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The history of Mr. Peanut

The world's most famous legume has roots in Hampton Roads stretching back over 100 years.

SUFFOLK, Va. — Mr. Peanut has a long and storied history in Hampton Roads.

The story begins with Amedeo Obici. Born in Italy, Obici came to America at just 11 years old. He took odd jobs to help support his family and soon distinguished himself as an expert peanut roaster. 

In 1906 Obici founded the "Planters Peanut Company" in Wilkes-Barre, Pennsylvania. Then in 1913 Obici came to Suffolk to be closer to the peanut farms that had become so crucial to his company's success.

In 1916 Amedeo Obici held a contest asking people to draw a logo they thought best represented his company.  A young Suffolk schoolboy, named Antonio Gentile, drew the winning character: a peanut with arms, legs, and a cane.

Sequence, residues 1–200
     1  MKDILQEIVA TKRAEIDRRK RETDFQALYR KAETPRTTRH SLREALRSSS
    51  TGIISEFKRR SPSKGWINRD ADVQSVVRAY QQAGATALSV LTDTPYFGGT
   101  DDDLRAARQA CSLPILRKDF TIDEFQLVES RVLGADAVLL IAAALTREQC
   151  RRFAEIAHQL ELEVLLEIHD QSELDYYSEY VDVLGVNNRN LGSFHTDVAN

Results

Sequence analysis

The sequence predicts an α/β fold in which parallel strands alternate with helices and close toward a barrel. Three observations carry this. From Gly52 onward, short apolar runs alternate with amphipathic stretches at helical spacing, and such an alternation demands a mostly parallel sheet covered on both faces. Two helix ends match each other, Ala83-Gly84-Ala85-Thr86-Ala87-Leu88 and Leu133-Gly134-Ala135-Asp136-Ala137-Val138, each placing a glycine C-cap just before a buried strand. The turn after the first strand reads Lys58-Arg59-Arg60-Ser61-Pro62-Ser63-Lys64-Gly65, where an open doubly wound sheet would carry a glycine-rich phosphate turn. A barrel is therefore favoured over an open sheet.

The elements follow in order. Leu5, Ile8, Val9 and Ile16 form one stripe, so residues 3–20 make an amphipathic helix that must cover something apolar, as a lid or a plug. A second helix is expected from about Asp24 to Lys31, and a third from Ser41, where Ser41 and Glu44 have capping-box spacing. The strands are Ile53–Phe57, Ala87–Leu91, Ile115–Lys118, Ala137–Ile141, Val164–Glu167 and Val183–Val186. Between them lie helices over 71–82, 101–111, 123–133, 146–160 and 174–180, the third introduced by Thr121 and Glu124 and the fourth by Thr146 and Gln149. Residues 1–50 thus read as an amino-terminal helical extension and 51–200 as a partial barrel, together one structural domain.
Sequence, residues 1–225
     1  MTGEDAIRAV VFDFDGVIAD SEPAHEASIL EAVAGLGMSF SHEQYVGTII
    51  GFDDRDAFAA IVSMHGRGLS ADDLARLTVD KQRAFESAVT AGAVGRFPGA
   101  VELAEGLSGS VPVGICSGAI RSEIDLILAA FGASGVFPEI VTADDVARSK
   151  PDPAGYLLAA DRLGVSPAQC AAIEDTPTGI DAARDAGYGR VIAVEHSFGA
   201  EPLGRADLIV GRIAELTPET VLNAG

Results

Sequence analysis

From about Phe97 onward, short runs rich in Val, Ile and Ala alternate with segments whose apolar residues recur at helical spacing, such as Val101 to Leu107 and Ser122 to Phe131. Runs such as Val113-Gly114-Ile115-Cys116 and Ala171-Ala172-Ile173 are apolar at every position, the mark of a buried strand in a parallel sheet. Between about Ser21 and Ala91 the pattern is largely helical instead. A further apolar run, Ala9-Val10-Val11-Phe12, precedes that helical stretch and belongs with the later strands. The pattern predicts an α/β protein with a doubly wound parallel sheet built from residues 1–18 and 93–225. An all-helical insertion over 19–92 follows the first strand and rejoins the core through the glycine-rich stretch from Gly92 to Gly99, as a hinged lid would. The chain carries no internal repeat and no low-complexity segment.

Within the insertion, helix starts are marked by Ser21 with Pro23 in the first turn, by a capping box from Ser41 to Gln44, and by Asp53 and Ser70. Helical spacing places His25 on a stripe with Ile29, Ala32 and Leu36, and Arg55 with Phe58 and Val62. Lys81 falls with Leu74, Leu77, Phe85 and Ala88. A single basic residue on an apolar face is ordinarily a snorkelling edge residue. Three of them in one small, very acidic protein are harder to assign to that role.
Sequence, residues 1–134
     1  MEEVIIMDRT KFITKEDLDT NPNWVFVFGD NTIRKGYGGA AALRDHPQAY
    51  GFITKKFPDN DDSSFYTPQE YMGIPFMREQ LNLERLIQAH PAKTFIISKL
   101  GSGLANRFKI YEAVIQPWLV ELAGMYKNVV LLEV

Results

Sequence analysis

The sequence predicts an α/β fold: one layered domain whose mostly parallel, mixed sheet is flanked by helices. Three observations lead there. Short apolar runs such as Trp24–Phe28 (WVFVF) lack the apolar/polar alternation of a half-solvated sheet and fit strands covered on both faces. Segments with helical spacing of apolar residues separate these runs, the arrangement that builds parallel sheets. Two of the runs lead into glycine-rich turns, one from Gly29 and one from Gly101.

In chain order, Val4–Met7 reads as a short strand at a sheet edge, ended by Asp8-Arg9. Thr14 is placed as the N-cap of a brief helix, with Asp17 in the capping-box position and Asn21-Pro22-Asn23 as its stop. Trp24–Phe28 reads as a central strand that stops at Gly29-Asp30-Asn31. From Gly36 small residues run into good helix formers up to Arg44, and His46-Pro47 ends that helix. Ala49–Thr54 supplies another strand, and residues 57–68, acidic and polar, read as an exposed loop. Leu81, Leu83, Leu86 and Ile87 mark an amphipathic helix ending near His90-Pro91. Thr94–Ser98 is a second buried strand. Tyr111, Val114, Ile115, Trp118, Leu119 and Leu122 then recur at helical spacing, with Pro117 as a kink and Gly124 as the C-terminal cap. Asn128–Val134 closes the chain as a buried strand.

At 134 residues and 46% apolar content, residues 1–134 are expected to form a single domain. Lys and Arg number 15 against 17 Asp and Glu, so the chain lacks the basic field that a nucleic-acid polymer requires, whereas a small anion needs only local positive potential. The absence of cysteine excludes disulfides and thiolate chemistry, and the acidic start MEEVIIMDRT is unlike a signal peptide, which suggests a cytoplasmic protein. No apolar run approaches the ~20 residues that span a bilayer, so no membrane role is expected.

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Initially, Gentile earned just $5 for the drawing but soon Obici befriended the boy and helped put him and his siblings through college. The original drawings got some polish from a professional artist – who added a top hat and a monocle – and Mr. Peanut was born.

Mr. Peanut first appeared in print in a 1918 edition of the Saturday evening post. Over the years he became an enduring mascot, appearing on billboards in time square, countless TV commercials, and even wartime propaganda. 

In 2014 the Smithsonian's National Museum of American History acquired Gentile's original drawings enshrining Mr. Peanut as an immortal piece of American and local history.

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